Having trouble losing weight?
Unless you are a lucky minority, most people who have attempted weight-loss have faced the horrid weight-loss plateau. This refers to a stop in weight-loss for an extended length of time despite no change in observed behaviour (e.g. diet and physical activity).
Anyone who has gone through this will understand how frustrating and discouraging it can be.
Your personal trainer thinks you’re lying,
your friends think that you have messed up your metabolism and
you feel frustrated that the scale is not changing.
Lucky science is able to provide some explanations that hopefully can help us make smarter decisions to handle this. This blog will investigate the big culprits for weight-loss plateaus.
You Are Unknowingly Eating More Than What You Think
This one isn’t a way that dieting could be slowing down your metabolism, but it is worth mentioning in this discussion. In many cases, a weight-loss plateau is simply an underestimation of the total amount of food eaten per week.
There are several ways that this can happen. Not accounting for snacks and being unaware of food eaten during ‘less stringent days’ (the weekends) are potential reasons.
Even in those sure that they are not eating more than planned can still fall victim to underestimating food intake.
In one of the largest diet studies ever conducted, the 600 participants consumed an extra 200 calories at twelve months after starting versus at the beginning.
This isn’t a shock finding since dieting leads to appetite stimulation. This increase in hunger from when someone first starts dieting can then cause unintentional increases in food eaten overtime.
This may cause a weight-loss plateau without being aware of a change in food intake.
1) Your Body Is Using Less Energy Than What It Did Before
In those people certain that they aren’t eating more than expected, there are other likely reasons.
It is likely that their body is using less energy than what it did from when they first started dieting. The new amount of energy that the body is using now matches the total amount consumed which explains why weight-loss has stopped.
This still doesn’t explain how someone uses less energy than what they did before dieting.
The term ‘metabolic damage’ is commonly used to try explain this phenomenon. This refers to some sort of permanent damage to the metabolism that results in less overall energy used per day.
Although some practitioners determine this from anecdotal evidence. The available science does not support that this is a likely route for most people.
Studies looking at recovering anorexic patients have found no permanent damage in metabolism once body fat and muscle was proportionally gained.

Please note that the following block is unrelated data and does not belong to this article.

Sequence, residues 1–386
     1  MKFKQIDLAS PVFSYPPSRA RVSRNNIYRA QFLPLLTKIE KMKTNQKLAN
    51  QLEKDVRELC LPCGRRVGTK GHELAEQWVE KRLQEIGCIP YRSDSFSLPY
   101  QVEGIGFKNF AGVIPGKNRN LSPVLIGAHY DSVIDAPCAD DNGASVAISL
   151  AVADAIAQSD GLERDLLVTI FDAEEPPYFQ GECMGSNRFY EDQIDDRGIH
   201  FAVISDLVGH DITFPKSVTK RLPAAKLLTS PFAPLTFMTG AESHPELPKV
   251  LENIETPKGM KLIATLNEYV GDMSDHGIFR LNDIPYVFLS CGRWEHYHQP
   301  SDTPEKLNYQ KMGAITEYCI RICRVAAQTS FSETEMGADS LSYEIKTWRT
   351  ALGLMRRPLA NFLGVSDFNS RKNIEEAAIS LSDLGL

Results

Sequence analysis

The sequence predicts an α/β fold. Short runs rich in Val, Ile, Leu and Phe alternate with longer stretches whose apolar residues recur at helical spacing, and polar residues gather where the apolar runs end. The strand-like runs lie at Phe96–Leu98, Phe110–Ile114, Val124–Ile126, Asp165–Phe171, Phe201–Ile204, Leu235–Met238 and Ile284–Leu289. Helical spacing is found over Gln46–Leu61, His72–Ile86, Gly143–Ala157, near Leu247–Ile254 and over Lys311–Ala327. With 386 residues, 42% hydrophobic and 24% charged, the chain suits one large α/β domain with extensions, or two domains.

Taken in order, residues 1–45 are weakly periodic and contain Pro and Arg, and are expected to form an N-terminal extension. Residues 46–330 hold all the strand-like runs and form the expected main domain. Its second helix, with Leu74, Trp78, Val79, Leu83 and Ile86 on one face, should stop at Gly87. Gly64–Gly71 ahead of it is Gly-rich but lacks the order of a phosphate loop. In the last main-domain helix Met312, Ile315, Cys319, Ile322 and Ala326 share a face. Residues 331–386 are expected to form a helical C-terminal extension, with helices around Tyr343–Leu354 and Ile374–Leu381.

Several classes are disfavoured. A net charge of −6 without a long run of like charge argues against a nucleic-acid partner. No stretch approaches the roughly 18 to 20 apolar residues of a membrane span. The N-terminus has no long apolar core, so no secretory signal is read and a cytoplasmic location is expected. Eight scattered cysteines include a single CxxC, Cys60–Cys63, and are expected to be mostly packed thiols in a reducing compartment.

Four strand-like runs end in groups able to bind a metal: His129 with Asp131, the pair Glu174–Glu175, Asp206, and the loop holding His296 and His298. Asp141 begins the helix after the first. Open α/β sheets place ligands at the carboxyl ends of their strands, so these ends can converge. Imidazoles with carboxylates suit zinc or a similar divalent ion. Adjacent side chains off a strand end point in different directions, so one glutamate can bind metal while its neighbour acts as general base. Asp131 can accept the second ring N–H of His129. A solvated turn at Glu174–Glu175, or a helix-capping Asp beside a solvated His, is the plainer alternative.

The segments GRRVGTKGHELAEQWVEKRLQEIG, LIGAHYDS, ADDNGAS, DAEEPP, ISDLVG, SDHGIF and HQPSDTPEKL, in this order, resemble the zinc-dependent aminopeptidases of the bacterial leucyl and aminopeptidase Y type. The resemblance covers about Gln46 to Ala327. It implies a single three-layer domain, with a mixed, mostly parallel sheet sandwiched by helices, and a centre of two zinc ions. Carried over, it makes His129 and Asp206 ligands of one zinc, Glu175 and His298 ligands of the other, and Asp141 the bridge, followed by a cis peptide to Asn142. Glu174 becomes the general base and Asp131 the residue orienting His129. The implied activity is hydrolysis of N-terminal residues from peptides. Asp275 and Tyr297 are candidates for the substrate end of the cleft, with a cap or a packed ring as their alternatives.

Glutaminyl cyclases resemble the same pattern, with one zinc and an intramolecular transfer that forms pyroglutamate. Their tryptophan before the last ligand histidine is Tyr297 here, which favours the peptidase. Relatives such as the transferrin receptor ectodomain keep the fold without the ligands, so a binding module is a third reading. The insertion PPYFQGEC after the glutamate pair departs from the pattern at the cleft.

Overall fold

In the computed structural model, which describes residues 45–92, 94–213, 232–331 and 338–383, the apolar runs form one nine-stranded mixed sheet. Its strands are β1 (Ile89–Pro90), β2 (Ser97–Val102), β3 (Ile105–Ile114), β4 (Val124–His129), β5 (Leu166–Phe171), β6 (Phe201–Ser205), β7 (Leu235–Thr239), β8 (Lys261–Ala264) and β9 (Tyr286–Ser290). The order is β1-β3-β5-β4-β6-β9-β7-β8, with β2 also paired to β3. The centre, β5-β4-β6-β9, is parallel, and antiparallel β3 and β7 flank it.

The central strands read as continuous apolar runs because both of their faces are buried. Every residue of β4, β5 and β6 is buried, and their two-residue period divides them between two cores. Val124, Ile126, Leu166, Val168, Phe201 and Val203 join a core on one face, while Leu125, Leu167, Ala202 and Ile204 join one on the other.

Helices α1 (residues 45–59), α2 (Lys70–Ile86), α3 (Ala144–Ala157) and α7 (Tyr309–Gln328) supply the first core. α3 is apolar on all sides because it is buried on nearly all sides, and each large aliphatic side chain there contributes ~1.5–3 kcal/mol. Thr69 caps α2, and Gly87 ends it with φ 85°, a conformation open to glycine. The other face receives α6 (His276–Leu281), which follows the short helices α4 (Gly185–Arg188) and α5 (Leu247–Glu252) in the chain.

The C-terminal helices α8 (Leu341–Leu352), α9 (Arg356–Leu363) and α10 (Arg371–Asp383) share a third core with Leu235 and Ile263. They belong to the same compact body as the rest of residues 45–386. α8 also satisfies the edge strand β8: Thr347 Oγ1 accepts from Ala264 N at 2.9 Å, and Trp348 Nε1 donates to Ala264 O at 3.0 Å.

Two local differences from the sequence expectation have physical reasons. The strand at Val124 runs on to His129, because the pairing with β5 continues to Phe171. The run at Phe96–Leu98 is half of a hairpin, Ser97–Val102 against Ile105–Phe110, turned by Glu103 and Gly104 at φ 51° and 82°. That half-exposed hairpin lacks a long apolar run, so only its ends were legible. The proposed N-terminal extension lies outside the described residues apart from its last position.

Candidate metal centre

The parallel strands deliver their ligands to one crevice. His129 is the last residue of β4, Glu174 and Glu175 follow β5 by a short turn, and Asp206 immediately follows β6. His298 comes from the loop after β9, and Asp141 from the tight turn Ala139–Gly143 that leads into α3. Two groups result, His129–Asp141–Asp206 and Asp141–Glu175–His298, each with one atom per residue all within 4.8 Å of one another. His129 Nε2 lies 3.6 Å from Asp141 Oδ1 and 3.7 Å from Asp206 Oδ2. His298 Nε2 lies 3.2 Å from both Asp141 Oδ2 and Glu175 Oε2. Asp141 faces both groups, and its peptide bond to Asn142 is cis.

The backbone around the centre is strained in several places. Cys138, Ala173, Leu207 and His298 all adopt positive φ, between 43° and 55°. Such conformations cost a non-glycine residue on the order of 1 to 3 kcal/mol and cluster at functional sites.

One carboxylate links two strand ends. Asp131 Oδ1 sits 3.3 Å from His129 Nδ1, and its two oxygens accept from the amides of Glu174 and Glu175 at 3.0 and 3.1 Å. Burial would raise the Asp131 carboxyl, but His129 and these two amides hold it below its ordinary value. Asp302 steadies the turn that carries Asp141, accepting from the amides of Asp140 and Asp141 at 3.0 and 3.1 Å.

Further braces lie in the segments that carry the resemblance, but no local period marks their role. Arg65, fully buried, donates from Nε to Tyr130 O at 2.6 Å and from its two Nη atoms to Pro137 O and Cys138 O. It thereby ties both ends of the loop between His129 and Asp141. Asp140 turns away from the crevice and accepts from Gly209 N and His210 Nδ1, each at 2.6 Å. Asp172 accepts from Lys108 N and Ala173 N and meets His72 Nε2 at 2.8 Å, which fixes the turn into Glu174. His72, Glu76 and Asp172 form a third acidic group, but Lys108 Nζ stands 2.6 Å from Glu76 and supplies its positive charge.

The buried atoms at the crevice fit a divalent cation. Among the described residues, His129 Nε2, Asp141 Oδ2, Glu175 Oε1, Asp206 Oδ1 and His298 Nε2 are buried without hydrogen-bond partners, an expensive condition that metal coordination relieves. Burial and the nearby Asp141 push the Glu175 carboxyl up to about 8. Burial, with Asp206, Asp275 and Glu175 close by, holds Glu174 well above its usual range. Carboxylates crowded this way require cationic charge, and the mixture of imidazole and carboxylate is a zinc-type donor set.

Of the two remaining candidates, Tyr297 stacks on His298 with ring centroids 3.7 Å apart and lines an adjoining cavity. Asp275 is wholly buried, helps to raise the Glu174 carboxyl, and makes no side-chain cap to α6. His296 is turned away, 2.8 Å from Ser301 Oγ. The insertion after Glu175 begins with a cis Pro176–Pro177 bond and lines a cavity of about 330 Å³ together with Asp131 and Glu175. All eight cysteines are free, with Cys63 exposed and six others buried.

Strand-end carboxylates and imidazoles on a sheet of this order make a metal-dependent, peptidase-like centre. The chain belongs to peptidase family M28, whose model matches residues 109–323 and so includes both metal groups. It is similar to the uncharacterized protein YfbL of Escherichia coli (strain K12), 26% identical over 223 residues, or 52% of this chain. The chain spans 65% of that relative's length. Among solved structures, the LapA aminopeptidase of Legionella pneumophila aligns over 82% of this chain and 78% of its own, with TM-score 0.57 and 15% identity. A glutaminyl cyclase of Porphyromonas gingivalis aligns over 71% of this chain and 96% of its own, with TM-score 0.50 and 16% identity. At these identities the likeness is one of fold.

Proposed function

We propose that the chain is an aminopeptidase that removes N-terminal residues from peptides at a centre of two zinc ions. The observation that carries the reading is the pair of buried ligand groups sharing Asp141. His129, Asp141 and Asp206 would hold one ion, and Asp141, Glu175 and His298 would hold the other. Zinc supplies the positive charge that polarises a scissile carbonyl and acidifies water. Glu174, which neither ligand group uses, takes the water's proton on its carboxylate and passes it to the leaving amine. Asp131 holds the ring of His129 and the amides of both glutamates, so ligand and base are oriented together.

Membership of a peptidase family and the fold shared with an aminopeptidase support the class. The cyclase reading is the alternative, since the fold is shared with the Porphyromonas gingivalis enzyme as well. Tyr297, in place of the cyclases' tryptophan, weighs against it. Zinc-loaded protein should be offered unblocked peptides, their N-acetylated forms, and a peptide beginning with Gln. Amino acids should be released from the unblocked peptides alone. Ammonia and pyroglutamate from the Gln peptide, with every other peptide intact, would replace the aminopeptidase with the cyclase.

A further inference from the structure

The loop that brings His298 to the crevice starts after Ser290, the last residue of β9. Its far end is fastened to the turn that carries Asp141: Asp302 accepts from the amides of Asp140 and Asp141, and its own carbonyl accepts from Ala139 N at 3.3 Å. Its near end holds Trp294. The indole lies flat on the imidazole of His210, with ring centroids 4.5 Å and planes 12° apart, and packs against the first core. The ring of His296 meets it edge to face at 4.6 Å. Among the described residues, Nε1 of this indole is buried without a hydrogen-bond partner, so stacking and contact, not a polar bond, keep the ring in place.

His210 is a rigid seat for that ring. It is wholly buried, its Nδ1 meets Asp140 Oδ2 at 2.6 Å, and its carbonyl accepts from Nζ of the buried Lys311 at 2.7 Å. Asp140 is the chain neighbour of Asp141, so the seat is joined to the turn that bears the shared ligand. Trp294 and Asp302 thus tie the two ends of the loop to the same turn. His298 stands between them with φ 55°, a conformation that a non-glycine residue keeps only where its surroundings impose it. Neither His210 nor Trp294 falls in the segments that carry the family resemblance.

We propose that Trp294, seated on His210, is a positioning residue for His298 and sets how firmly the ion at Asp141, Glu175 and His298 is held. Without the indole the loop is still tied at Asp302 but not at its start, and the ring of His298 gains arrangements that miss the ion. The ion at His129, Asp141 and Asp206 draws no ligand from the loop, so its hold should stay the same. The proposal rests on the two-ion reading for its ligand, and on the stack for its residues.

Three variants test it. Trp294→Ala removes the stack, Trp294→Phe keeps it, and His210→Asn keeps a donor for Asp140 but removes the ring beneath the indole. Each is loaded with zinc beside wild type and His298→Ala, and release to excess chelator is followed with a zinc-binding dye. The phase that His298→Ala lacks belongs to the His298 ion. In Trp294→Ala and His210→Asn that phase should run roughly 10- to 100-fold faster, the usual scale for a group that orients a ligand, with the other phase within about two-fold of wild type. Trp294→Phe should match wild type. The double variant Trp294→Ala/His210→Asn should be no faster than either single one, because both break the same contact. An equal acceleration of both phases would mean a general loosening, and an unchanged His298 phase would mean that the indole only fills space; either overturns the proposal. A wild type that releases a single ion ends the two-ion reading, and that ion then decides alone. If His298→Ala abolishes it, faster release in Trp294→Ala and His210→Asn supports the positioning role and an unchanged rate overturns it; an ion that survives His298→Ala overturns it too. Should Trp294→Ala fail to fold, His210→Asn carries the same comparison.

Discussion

2) Eat Less, Move Less?
The biggest culprit for less energy used per day is actually decreases in non-exercise activity thermogenesis (NEAT).
NEAT refers to the energy used from activity that isn’t ‘purposeful’. This might include conscious and subconscious activities such as fidgeting, walking and standing.
In some people dieting, their motivation to do ‘everyday-activities’ goes down. This could be conscious activities such as driving to the shops instead of taking the five minute walk.
It can also include activities that you have little to no control of. Overall, you may move less during the day when usually it’s hard to keep still pre-dieting.
All this leads to a decrease in energy used throughout the day. This response seems to change from person to person and is more clear in larger weight loss attempts – around 10kgs.
3) Weight-Loss Isn’t All Fat
It is rare to lose a substantial amount of weight without some of that coming from muscle. The reality is that for most people trying to lose body fat, they will likely also lose some muscle. This is because when dieting the body will also use muscle for energy which causes muscle loss.
Muscle is metabolically active tissue. This means that to maintain muscle, your body uses energy.
When someone loses weight, they now reduce the amount of muscle. This thereby reduces the amount of energy needed to maintain it.
As a result, the body uses less overall energy and can balance out the ‘energy in, energy out’ equation.
The Big Picture
Weight-loss plateaus are complex. It is very rare that all this is a cause of just one factor.
Instead there are multiple factors that are not limited to those just discussed that contribute to the weight-loss plateau.
Interested in how to manage weight-loss plateaus? Follow on for the next blog on how to best manage these occurrences.
Matthew Benetti is a Masters of Nutrition and Dietetics student at Flinders University. He has previously completed a Bachelor of Nutrition and Food Sciences.
Matthew is interested in most things’ nutrition and food. Having grown up in an Italian family, food has always been more than just something you shove in your mouth, but also a way of bringing people together.
With experience as a competitive amateur boxer, Matthew is also interested in combat sports and providing long lost evidence-based practices to these sports.